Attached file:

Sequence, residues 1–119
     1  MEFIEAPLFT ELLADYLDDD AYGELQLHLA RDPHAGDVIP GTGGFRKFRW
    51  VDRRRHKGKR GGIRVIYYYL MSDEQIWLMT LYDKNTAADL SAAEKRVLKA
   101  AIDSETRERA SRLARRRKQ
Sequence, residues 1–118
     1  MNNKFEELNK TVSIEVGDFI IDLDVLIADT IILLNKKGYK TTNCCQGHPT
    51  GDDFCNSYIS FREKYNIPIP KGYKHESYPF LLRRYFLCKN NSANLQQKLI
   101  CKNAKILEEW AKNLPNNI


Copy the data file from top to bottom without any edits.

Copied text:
Sequence, residues 1–119
     1  MEFIEAPLFT ELLADYLDDD AYGELQLHLA RDPHAGDVIP GTGGFRKFRW
    51  VDRRRHKGKR GGIRVIYYYL MSDEQIWLMT LYDKNTAADL SAAEKRVLKA
   101  AIDSETRERA SRLARRRKQ
Sequence, residues 1–118
     1  MNNKFEELNK TVSIEVGDFI IDLDVLIADT IILLNKKGYK TTNCCQGHPT
    51  GDDFCNSYIS FREKYNIPIP KGYKHESYPF LLRRYFLCKN NSANLQQKLI
   101  CKNAKILEEW AKNLPNNI